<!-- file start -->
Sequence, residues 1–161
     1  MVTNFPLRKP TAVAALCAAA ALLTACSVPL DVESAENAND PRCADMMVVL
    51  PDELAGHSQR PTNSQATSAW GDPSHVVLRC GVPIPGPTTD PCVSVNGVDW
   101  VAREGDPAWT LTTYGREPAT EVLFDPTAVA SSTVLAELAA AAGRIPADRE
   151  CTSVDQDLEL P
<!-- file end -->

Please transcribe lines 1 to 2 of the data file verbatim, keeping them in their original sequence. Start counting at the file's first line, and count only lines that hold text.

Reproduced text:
Sequence, residues 1–161
     1  MVTNFPLRKP TAVAALCAAA ALLTACSVPL DVESAENAND PRCADMMVVL